14 November 2006

Cider reminds me of Taiwanese 'apple sidra'


(Image from NACM)

Recently I found cider quite a good substitute for beer if a short break from bitterness of hops is what you desire. By cider, certainly I mean the alcoholic one.

If you consult a dictionary, you'll probably find that cider refers to either an unfermented beverage or an alcoholic drink made by crushing fruit, typically apples. That's true, as in the States the alcoholic one is known as hard cider while the fresh, minimally processed apple juice is called cider or apple cider. Nevertheless, people in Britain never get confused. Wherever you ask for cider, you never get apple juice. Cider is definitely an alcoholic drink here.

Cider is very popular in Britain, particularly in South West England. Although, together with perry, a similar drink made from fermented pear juice, it accounts for only 6.4% of UK alcohol consumption, far behind beer (44.3%) and wine (27.1%), the UK has the highest per capita consumption and the largest cider producing companies in the world, according to NACM (the National Association of Cider Makers).

Cider usually has a stronger alcoholic content than beer, most of the time over 5%, although its alcoholic strength does vary from 1.2% to just under 8.5%; however, because the British government tax cider at a lower rate, in the UK it's always cheaper than beer in terms of price per volume.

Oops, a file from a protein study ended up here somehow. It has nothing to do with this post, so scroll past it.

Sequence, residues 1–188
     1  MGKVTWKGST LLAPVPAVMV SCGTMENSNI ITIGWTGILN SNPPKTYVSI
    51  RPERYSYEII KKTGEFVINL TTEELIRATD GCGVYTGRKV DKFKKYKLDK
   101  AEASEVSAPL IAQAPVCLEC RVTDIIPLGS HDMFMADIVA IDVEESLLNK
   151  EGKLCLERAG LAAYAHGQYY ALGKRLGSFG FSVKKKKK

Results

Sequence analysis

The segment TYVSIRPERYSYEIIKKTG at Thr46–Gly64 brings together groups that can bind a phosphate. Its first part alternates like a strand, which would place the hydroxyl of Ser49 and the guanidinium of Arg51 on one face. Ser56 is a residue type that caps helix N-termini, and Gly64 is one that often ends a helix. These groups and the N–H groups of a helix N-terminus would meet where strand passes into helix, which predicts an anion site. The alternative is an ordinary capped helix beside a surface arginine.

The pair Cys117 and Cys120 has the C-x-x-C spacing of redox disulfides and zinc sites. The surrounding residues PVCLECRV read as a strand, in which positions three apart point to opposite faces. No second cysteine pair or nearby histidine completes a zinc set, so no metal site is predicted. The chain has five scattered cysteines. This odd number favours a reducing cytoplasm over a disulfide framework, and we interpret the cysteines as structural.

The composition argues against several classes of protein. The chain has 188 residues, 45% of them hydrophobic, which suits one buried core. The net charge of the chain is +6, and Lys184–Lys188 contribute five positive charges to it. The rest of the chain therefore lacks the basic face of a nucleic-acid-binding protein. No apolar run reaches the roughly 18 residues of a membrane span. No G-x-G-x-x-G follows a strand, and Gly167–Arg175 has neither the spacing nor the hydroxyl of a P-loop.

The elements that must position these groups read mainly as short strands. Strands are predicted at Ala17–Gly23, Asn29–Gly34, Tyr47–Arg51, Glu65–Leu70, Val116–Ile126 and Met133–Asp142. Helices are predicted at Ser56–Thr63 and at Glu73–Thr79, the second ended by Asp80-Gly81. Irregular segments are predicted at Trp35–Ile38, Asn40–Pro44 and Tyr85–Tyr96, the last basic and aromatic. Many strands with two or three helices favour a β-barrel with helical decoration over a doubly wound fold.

Cider is the oldest alcoholic drink produced in the Britain. People once believed that it was brought in after the Norman Conquest of England in 1066, but it is now thought to have been introduced to the early Britons by some peoples who roamed over the areas in modern Spain and Northern France with their shekar, a Hebrew-origined word for an intoxicating liquor distilled from corn, honey or dates.

Apple SidraI have to admit that before I came to Britain, I had never tried the alcoholic cider. The only thing similar to it I knew was apple sidra, which has nothing to do with Gulf of Sidra, a broad inlet of the Mediterranean Sea on the coast of Libya, but is just a popular non-alcoholic fizzy beverage produced in Taiwan, probably something Westerners would call apple soda. The manufacturer chose the word sidra (indeed 'cider' in Spanish) for the product to suggest that although people would never get intoxicated when having apple sidra, they would still enjoy the sour-and-sweet tang of cider in it. (Image from this blog)

Although sometimes I take cider as an substitute for beer for economic reason, it does remind me of my motherland Taiwan, where I used to drink apple sidra as I've never get along with coke.

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